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The International Committee of the Red Cross said “entire families are trapped and desperately seek security. The huge needs are beyond our capacity to respond”.

The ICRC said Gaza City residents had been instructed to move south “to areas that are overcrowded, lacking in essential services and are experiencing hostilities”.

TRUCE TALKS

Israel and Hamas have engaged in months of indirect talks via Qatari, US and Egyptian mediators to reach a still elusive truce and hostage release deal.

At the latest meeting in Doha on Wednesday, Israeli officials discussed the conditions for a ceasefire with US and Qatari mediators.

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The head of Israel’s Shin Bet internal security agency Ronen Bar was headed for talks in Cairo, Prime Minister Benjamin Netanyahu’s office said.

Netanyahu again insisted that any deal must allow Israel to meet all its war aims — destroying Hamas as well as bringing home all the hostages.

He also said Israel needs to maintain control of Gaza’s southern border with Egypt to prevent weapons being “smuggled to Hamas”.

Biden has laid out what he called an Israeli plan which would see a six-week truce in which hostages held in Gaza would be freed in exchange for Palestinians in Israeli prisons. A second phase would see talks on a full end to the war.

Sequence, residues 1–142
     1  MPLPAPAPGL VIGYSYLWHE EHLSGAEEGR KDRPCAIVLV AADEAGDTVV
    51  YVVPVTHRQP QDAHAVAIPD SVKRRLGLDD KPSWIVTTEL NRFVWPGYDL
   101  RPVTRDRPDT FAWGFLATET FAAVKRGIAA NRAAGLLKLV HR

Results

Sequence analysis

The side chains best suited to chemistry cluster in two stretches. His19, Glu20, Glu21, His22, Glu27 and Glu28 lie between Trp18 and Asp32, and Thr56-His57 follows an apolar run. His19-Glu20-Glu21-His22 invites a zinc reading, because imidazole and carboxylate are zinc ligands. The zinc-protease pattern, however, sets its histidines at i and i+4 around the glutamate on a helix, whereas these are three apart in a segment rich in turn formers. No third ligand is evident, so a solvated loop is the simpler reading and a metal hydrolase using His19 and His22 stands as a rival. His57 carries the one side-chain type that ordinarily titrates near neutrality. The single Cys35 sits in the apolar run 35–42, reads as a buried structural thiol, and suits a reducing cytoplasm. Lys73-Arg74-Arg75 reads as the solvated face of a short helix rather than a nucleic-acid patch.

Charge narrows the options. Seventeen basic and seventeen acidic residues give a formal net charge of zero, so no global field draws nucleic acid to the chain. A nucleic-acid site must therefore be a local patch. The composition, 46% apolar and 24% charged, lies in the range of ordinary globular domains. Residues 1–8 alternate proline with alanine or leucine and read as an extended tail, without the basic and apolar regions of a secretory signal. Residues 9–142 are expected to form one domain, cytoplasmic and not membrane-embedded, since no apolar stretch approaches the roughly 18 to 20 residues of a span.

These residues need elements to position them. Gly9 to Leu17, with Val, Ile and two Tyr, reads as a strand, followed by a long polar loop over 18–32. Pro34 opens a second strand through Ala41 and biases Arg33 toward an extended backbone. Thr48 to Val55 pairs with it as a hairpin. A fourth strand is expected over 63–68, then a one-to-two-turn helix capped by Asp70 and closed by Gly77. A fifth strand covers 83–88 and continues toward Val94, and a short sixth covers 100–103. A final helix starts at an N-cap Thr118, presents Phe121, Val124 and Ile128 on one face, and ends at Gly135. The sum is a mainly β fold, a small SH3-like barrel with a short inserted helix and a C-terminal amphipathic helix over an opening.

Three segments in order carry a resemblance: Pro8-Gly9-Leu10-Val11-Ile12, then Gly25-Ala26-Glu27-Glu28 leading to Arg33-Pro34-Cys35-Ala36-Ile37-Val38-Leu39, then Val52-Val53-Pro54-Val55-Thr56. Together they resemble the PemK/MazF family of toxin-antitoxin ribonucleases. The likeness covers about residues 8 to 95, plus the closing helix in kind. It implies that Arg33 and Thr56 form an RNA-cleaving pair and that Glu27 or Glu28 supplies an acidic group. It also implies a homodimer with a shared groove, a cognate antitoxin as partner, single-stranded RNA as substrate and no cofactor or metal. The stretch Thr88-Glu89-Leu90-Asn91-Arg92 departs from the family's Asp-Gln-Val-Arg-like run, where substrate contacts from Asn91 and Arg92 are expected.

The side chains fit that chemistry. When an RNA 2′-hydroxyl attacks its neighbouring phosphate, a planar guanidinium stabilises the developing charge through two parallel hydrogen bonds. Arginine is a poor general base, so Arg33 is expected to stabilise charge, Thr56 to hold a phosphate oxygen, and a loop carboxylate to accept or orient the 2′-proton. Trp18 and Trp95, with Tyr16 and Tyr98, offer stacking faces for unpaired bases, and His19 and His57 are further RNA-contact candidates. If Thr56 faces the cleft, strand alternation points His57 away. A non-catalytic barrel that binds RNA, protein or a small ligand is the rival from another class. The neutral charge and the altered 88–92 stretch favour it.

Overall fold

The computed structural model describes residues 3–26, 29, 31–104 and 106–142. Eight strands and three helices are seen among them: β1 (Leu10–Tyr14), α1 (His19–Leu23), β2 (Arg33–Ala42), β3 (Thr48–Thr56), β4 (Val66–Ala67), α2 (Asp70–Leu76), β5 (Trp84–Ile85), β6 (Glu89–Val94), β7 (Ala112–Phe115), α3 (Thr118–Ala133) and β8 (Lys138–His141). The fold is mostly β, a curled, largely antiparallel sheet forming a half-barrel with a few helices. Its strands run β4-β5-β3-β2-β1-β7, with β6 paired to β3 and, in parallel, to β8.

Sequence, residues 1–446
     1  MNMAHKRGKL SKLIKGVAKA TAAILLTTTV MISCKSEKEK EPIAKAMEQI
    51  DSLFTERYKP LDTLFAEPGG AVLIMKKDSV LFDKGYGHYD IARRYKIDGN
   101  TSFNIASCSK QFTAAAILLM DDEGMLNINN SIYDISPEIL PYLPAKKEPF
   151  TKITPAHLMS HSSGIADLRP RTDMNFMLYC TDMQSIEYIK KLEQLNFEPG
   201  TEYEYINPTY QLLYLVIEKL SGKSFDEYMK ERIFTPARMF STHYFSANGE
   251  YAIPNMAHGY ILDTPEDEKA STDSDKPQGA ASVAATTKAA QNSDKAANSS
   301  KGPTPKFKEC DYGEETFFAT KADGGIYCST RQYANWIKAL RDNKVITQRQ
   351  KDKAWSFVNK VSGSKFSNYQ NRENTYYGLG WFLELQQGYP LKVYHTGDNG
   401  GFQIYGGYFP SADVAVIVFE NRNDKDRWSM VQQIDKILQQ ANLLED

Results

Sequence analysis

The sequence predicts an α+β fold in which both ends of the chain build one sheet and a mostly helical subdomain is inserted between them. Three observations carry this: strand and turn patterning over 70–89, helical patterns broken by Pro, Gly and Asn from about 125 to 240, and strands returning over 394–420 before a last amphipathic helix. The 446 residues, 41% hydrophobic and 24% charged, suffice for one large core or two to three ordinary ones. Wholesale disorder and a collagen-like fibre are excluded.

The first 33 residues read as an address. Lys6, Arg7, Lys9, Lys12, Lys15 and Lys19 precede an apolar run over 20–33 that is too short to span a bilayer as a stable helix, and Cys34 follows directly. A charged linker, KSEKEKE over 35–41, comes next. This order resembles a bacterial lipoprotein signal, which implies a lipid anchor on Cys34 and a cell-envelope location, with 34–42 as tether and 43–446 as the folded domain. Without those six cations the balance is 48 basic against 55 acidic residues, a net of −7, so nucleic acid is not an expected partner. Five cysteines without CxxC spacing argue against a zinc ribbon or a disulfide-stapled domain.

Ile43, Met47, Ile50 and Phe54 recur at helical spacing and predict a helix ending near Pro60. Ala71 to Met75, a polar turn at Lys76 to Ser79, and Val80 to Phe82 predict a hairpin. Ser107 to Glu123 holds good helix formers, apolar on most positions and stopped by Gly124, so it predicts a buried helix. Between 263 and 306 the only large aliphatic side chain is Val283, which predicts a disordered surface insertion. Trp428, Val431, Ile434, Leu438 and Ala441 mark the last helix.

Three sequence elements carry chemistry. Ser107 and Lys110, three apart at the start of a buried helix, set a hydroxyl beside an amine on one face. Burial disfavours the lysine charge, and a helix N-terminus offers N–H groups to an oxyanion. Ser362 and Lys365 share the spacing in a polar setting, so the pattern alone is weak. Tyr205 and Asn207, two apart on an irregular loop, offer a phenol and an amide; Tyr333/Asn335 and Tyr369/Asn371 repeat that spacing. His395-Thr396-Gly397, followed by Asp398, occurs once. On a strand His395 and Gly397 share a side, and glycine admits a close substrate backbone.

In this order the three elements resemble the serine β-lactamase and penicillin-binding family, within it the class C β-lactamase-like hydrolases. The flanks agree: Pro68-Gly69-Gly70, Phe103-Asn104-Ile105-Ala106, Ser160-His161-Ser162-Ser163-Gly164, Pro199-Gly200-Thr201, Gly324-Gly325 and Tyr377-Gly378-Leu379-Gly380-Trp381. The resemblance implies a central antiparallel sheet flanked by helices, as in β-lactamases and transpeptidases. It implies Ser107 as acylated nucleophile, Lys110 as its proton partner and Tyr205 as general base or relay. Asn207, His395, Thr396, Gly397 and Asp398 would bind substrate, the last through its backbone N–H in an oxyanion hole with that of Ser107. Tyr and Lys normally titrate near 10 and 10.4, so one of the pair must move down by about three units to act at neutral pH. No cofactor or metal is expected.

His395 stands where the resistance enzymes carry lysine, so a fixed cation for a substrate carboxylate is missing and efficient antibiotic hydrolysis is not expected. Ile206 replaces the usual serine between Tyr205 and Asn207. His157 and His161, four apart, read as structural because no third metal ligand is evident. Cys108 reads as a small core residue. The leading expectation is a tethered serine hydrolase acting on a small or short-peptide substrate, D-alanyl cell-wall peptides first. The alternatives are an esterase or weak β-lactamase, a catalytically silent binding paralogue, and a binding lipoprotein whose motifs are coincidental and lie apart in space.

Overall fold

Biden acknowledged on Thursday that “difficult, complex issues” remain but insisted that “we’re making progress”.

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“The trend is positive,” he said, “and I’m determined to get this deal done and bring an end to this war, which should end now.”

Biden also stood firm on his decision to hold up delivery of massive 2,000-pound (900kg) bombs over concerns they could be used in populated areas, even as his administration moved forward on sending Israel less powerful 500-pound munitions.

He again pressed Israel for a “day-after” plan for Gaza and spoke of his diplomacy to persuade Arab states to help with security.

Hamas has proposed an independent and non-partisan government for both post-war Gaza and the Israeli-occupied West Bank, said Hossam Badran, a member of the group’s political bureau.

END OF TROUBLED AID PIER

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The war started with Hamas’s October 7 attack on southern Israel which resulted in the deaths of 1,195 people, mostly civilians, according to an AFP tally based on Israeli figures.

The militants also seized 251 hostages, 116 of whom remain in Gaza, including 42 the military says are dead.

Israel responded with a military offensive that has killed at least 38,345 people in Gaza, also mostly civilians, according to the health ministry in Hamas-ruled Gaza.

The World Health Organization said that only five trucks carrying medical supplies were allowed into Gaza last week, while over 70 more are waiting at the border.

Meanwhile, a problem-plagued US effort to get aid in by sea will soon end permanently, the US military said.

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US troops built the $230-million pier but the temporary facility has been repeatedly put out of use by high seas.